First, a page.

Mister Rogers' Neighborhood first aired on February 19, 1968, and the second episode aired on February 20. From the get-go the show presented weekly themes that the characters would explore, and in that first week, the theme was change and fear of change, which was very appropriate for the times. Back in 1968 in the U.S., there there was definitely a need for a guy like Mr. Rogers to help young audiences with their fears of the changes and conflict going on around them. The Vietnam War was raging on the other side of the world, there was a large degree of political strife, and the nightly news wasn’t exactly filled with good times and stability. It was only a few weeks before Mr. Rogers' Neighborhood debuted that the Tet Offensive took place and the venerable TV journalist Walter Cronkite shared his view that the Vietnam War was unwinnable and would end in a stalemate. Kids likely heard their parents discussing and arguing over these events. They probably even knew somebody who was drafted and sent to Vietnam. It wasn't just the war either. In the coming months the country would see the assassinations of both Martin Luther King and Robert Kennedy — two very disturbing events for both adults and kids. So addressing issues of fear and change were very timely, but also very daring. Even today, it's not often that one would come across a children's TV show that would deal as directly with contemporary societal themes as Mister Rogers' Neighborhood did. For the most part children, very prudently, are shielded from these events, but what little information does seep through can be alarming. Fred Rogers understood this. He also understood that children aren't stupid either. They pick up on stuff, and they can be as complex in their emotions and needs as adults. Unfortunately they don't have years of experience and personal growth that would help them to deal better with those emotions. This is where the concept of Mr. Rogers' Neighborhood was genius. This show was not only a bit of fun quiet time with a friendly guy, it also taught kids ways deal with all the depressing and scary adult stuff going on. And it was in the second episode where Rogers really showed audiences that he would not be afraid to discuss the difficult topics.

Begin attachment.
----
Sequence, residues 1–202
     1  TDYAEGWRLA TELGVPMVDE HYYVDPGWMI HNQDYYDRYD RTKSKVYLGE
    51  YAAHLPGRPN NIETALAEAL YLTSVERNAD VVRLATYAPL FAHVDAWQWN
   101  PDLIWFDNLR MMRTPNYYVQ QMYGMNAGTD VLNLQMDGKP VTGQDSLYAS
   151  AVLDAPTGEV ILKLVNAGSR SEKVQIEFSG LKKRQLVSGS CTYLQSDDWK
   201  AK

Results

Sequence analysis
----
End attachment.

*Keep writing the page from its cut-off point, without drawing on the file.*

Walk-Through and Analysis of the Second Episode
In this section, we'll walk through the second episode, but we'll mix in some commentary in italics with color.
The second episode of Mr. Rogers’ Neighborhood was entitled “King Friday Challenges Change” and it starts off the way every show did with Mr. Rogers singing the theme song “It’s a Beautiful Day in the Neighborhood” as he comes in the door to his television house. Back then he wore a trench coat over his suit (later he’d switch to just having a sport coat), which he would take off and hang in the closet before putting on a friendly zip-up cardigan sweater. (In the first episode, the sweater was a button down, but from the second episode on, they were all zip-up.) In this episode, Mr. Rogers arrives with what looks like a framed painting or picture wrapped up in a burlap bag. It was always fun when Mr. Rogers showed up with things to share with his neighbors!
In those days, Mr. Rogers played it a little more fast and loose with his footwear routine than he did in later seasons. In the first episode (the previous day), he had changed into his sneakers from his more formal shoes, but this second episode he did not. The pendulum swung the other way by the third episode and he was already wearing the sneakers when he came in. In general for every later episode, Mr. Rogers would always change from his formal shoes into his sneakers as a sort of signal to all of us television neighbors that the work was done and the fun was to begin. It's a very subtle thing to have such a routine like this, but fitting since children largely benefit from a certain degree of structure and routine.